Classic Giddianhi style flop.

Soccer and basketball are both non-contact sports. At least they are supposed to be. Fouls are called if excessive physical contact occurs during the normal flow of the game. These “fouls” are judged by referees that are there to keep a close eye on the game and determine where the line is between good defense, and excessive force. They are supposed to call the game fairly and truthfully.

Not all players are gifted super athletes that dominate the competition. I should know because I wasn’t a gifted super-athlete. I played basketball in high school, but no one ever accused me of being a superstar. But, I was a master at a niche skill that often times went unheralded. It was the skill of drawing fouls. I was also really good at fouling others. I fouled out in approximately 75% of the games I played in. I had 5 fouls to give, so why waste them, right?

One of my favorite things to do in basketball was taking charges. It usually consisted of me, a smaller player, positioning myself somewhere directly in the path of a much bigger, heavier player who was driving the ball with a full head of steam. The ensuing collision would usually, due to physics, consist of me flying uncontrollably backwards landing violently on the hardwood, with my arms flying, head whiplashing in a human explosion like manner. Sheer sympathy from the referees would almost certainly result in the call of an offensive foul on the bigger stronger guy. Mission accomplished. It didn’t take much skill, just a lot of courage and determination, and ibuprofen afterward.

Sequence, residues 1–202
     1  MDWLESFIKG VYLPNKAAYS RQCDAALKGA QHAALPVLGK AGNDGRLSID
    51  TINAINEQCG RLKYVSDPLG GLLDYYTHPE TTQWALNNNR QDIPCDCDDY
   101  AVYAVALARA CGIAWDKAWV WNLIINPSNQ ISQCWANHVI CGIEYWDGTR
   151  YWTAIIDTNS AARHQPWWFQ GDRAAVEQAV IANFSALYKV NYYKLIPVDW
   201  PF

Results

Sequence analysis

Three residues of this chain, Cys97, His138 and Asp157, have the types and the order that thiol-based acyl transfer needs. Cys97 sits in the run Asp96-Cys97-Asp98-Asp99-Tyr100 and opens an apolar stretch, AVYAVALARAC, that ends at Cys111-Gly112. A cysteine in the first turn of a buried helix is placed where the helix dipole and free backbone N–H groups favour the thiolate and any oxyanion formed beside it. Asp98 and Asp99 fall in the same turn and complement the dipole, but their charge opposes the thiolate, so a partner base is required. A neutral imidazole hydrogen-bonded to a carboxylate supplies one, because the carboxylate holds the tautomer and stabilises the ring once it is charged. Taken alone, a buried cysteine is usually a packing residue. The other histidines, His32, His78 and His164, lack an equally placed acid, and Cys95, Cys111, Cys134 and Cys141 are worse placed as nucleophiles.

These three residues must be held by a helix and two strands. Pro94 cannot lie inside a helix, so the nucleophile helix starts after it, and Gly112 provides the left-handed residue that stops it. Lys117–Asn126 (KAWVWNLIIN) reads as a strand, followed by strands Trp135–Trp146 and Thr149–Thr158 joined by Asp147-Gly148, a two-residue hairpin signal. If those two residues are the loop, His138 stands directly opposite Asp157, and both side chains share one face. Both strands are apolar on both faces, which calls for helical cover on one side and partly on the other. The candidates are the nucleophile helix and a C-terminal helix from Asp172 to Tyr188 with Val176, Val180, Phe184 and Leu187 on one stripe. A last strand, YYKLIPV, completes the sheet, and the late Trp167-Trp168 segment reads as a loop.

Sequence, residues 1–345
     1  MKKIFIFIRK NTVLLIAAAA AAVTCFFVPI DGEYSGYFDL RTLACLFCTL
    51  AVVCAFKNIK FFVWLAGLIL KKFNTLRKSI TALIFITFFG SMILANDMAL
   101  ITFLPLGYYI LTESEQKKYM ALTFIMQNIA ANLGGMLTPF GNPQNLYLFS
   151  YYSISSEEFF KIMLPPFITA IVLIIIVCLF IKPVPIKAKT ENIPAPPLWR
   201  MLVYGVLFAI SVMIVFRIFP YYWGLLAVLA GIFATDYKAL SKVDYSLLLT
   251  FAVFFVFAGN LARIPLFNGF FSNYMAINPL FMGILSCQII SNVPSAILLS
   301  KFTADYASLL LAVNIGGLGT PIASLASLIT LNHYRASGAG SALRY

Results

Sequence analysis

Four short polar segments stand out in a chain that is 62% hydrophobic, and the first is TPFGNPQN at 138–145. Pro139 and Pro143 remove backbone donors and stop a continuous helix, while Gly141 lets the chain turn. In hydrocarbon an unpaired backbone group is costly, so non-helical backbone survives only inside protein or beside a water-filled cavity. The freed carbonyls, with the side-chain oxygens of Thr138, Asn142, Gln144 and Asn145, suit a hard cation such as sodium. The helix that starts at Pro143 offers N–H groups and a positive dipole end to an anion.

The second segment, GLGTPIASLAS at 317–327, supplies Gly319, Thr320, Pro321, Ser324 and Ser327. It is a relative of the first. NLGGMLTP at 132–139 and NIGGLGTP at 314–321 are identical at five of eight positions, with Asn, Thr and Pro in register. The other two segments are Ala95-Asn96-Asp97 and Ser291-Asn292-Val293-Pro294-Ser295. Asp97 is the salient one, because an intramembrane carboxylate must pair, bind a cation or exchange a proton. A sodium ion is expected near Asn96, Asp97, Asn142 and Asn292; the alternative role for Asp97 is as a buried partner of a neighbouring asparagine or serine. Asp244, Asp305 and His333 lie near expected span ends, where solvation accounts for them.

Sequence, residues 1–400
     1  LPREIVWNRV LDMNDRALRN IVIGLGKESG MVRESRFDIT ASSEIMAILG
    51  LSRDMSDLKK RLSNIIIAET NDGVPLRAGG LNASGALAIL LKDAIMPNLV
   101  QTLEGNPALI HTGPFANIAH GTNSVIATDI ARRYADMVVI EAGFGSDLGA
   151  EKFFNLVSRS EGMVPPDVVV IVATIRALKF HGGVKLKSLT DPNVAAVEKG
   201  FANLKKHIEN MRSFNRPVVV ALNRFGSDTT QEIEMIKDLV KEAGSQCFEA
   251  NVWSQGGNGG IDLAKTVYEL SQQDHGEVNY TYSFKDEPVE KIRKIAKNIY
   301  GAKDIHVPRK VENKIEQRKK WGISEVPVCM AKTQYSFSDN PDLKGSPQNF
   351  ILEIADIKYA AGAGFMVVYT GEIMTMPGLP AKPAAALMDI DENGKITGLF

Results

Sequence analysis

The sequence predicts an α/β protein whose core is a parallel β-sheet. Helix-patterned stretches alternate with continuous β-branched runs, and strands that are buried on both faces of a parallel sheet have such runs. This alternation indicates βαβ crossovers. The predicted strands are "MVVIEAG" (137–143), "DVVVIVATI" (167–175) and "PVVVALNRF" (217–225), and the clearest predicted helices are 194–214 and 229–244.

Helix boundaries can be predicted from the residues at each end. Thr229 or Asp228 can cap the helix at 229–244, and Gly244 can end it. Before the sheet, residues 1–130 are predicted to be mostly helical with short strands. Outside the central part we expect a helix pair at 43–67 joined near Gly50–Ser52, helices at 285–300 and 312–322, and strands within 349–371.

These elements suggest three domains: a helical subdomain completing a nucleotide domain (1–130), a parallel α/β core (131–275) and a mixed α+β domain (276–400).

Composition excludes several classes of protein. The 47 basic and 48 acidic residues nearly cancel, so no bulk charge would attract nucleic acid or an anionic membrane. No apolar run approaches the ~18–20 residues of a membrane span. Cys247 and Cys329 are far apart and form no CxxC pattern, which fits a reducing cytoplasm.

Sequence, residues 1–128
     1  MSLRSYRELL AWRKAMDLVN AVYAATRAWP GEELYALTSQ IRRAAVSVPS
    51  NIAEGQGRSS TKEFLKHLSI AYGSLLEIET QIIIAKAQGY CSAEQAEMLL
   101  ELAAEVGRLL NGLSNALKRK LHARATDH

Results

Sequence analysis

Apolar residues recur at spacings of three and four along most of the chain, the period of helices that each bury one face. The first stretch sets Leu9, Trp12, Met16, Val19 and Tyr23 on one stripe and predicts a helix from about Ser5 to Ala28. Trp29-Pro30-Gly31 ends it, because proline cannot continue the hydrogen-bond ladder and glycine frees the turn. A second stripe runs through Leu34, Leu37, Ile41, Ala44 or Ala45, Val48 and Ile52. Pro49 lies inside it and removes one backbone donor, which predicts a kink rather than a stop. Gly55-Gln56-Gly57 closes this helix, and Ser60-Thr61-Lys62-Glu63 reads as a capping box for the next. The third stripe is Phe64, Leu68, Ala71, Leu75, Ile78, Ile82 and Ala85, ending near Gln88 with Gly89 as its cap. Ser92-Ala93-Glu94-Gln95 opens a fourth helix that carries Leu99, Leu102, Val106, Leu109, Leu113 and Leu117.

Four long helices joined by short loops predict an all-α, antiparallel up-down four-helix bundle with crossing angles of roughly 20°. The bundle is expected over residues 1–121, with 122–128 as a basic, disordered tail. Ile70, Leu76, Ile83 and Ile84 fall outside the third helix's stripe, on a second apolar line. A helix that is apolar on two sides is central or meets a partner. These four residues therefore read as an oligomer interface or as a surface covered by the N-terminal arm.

It worked for me. But, just like a lot of things in this life, there are alter egos, or villains for each superhero. The opposite of a true “charge” or “offensive foul” is the flop. A flop is where the defender pretends, or acts like he took the charge or offensive foul when, in actuality,  no harm, or contact even remotely proportionate to the subsequent physical reaction actually occurred. This is where truth gets imitated and falsely represented.

Houston Rockets vs. Oklahoma City Thunder

One of the best floppers of all time.

It happens all the time in soccer as well. Watch any soccer game, and you’ll see at least a dozen guys go down on the ground holding their legs, or head, sprawling around like someone just stabbed them 75 times, or that they just got run over by a train or swallowed a grenade, only to hop up, and run off just like nothing happened 4 seconds later when no foul was called. No one likes a flopper. No one.


Rare photo of Laman, Lemuel, and Giddianhi all playing on the same soccer team.

A few days ago, I was reading and I realized something. The “flop” had its origins much earlier than I had realized. It came into existence even before John Naismith invented basketball, or whoever invented soccer was kicking some round rock through a fishing net somewhere. It may have started somewhere around 600 B.C., with two guys named Laman and Lemuel.